Hilarious anecdote, and totally believable , especially in the backwoods of the south where endogamy is a way of life.
I've done exhaustive research on the pronunciation of my surname.It varies from community to community, state to state, region to region.
I don't know to phonetically display all of the variations.
I received this from a wealthy English kinsmen, albeit very distant kin,
apart from obvious regional accents I would argue there are two main pronunciations here in the UK; the differences are probably slightly class based and whether you view the name as aristocratic/french in origin or common/english
they two variations would be:
Faar-raarh or faar-reer with emphasis on the vowels
fa-rerr or fa-rarr with short guttural stops and emphasis on the er or ar at the end
I pronounced it Fairer when I lived in the south, but Far Rar in the north, with pronunciation of the final R, not the slurring of ah, uh or ow as you might hear in Massachusetts or the south..
In the military it is pronounced FarRar (again the final R has a definite R sound). My Dad was a Marine, retired from the service, and though born and raised a Fairuh, he pronounced the name the way that he used and heard it in the Marines.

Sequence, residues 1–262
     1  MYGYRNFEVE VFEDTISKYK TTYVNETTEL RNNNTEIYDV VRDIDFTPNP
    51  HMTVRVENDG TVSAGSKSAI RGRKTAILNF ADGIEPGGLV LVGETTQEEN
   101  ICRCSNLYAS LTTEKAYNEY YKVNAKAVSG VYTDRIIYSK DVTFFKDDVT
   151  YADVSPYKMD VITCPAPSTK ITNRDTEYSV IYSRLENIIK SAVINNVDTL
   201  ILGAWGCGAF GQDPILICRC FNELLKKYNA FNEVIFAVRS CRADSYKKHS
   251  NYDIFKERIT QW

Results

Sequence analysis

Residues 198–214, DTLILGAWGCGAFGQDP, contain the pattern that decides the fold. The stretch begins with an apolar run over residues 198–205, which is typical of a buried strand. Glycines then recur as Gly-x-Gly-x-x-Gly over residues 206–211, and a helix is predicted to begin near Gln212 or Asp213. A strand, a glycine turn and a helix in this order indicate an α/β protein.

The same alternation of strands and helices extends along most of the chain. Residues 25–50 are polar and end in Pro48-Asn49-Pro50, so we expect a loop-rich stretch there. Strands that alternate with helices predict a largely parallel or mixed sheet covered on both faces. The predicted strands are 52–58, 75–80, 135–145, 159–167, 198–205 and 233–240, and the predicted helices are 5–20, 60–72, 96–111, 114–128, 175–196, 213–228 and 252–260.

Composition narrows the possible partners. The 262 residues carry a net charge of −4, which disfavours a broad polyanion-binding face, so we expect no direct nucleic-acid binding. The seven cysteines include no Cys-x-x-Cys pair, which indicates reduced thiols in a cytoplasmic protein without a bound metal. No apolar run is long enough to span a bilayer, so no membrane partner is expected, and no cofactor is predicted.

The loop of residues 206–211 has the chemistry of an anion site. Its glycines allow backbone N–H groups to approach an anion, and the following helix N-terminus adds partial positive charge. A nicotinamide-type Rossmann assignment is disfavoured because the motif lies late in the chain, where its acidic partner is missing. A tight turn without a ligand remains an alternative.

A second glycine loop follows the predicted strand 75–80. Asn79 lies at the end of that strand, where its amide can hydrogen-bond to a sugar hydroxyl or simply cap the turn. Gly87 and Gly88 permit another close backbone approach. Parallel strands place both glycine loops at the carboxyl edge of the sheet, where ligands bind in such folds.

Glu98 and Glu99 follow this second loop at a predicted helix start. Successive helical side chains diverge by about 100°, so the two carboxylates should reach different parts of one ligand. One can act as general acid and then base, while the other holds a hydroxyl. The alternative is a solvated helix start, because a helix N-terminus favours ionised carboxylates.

This tends to be the way the name is pronounced in the North (South of New England) and on the west coast..
I always answer to anything reasonable, and when asked how to pronounce I reply"your choice".
Anway sorting through census and legal documents in pursuit of a paper trail can be frustrating, and if a sense of humor, entertaining.
So many variations of spelling of all kind, but the simplest of names.
In 1780's Pittsylvania County, VA there is an Indenture in which members of my family sold their inheritance, one of the members, the oldest was tutored before his father died, and thus could read and write, his younger siblings were not and thus were illiterate.
This document has the parties and witnesses spelling their names Farrar and Farrow, and in two cases the same person spelled two ways.
In subsequent documents the name was spelled Farrow until they reached Alabama and filed Homestead claims, apparently aided by an educated cousin, (the son of the educated older brother of their father) they filled out the paper work by spelling their names Farrar.
One needs an understanding of the culture, the times, the region to make sense of it all.